Britain facing a ‘prolonged period’ of extra deaths from pandemic, health chiefs say

Britain will face an “extended period” of extra deaths after operations are canceled and people avoid the NHS during the pandemic, Sir Chris Whitty and Sir Patrick Vallance have said.

The Chief Medical Officer (CMO) for England and Chief Scientific Adviser made the comments in a co-authored technical report on the Covid-19 pandemic in the UK.

All four UK CMOs, the NHS England National Medical Director and the UK Health Security Agency (UKHSA) Chief Executive are also signatories.

The report, released Thursday by the Department of Health and Social Care (DHSC), is written for the future CMOs, national medical directors and public health leaders facing emerging pandemics, it said.

In eleven chapters, the authors cover topics such as care homes, contract tracing, testing and lockdowns.

An introduction to the report emphasizes that it is not a “definitive story” of the pandemic to date, or of the policy decisions made. However, it is the first comprehensive overview of events and implications of the past two and a half years to be published by officials.

It comes after the start of the UK’s Covid-19 Inquiry, chaired by Baroness Heather Hallett, which will begin public hearings next year to examine the government’s response to the pandemic.

Report suggests GPs are moving to remote appointments

In Chapter 10, “Improvements in care for COVID-19,” the authors outline changes in healthcare, such as moving primary care physicians to remote appointments and postponing elective surgeries.

There were “limits” to the extent to which telephone and video GP appointments could replace face-to-face appointments, the report said, but added “in many cases the balance of risks and benefits still favored remote support “.

Discussing measures taken to respond to the surge in Covid patients, it said: “Switching to remote consultations, discouraging unnecessary presentations on health facilities and asking that people with specific symptoms avoid healthcare facilities unless necessary is an effective way to reduce potential transfer risks and added burden at a time of great pressure.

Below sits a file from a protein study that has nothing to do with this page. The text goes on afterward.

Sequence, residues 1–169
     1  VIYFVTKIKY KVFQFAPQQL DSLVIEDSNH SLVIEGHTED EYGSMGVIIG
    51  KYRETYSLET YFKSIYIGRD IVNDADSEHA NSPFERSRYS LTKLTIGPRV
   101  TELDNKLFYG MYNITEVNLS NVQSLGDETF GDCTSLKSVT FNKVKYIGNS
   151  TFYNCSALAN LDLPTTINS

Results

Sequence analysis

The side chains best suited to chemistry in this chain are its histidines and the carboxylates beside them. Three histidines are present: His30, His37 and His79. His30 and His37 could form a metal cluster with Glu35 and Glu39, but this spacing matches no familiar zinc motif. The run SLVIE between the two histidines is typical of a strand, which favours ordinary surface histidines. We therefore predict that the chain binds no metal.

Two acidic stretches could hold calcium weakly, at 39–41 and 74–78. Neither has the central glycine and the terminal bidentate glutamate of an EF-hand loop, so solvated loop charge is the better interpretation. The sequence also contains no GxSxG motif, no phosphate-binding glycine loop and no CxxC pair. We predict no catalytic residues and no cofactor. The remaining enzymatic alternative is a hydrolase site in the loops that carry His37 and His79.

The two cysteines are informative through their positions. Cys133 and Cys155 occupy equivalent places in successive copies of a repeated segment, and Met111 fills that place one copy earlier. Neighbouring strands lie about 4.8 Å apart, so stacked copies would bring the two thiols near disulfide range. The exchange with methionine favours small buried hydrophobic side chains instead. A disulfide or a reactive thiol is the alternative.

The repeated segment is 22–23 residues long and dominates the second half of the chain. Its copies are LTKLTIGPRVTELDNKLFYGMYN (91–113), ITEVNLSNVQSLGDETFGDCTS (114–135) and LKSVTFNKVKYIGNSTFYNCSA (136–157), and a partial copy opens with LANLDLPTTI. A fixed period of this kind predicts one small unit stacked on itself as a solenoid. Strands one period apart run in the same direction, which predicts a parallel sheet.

“However, this must be weighed against the risk that health-seeking behaviors were modified to the point where there was a significant unmet need, resulting in implications for mortality and morbidity.”

Despite Sir Chris insisting that the public “emergency room was always open for business,” far fewer people presented to the emergency room during the first wave, the report said.

“No doubt some people who would (and could have) come forward have not done so because of a sense of altruism or the perceived risk of being hospitalized,” it added.

Delays in patients reporting for help, a reduction in preventive medications – such as statins – and the cancellation of surgeries and screenings “will have led to later and more severe” non-Covid illness, the authors conclude.

“The combined effect of this is likely to lead to a prolonged period of non-COVID excess mortality and morbidity after the worst period of the pandemic has passed,” it said.

Nearly 900 more cancer deaths than expected since September

Recent data from the Office for Health Improvement and Disparities (OHID) shows that since early September there have been nearly 900 more cancer deaths than expected at this time of year.

The report’s authors also praised the “extraordinary speed” with which Covid vaccines were delivered. But they warned: “There is a danger that this will falsely reassure some policymakers that a vaccine can be produced at this rate for the next pandemic.”

The term “lockdowns” will become “most associated” with the pandemic, the authors predict, acknowledging it was the “most intense” measure taken to contain the virus.

Despite the measure being “highly effective” in reducing first-wave transmission of Covid, they claim, it raised a wide range of concerns across society, such as concerns about mental health and domestic violence and protection.

“There will also be further effects [from lockdowns] that have not been measured or fully realized,” they add.

The authors said weighing the risks of school closures was “particularly difficult and controversial” but added that they “have the potential to have lasting effects on children’s education, development and life chances”.

In an example of such effects, they cite an 81 percent increase in mental health referrals for children and young people from April to September 2021, compared to the same period in 2019.

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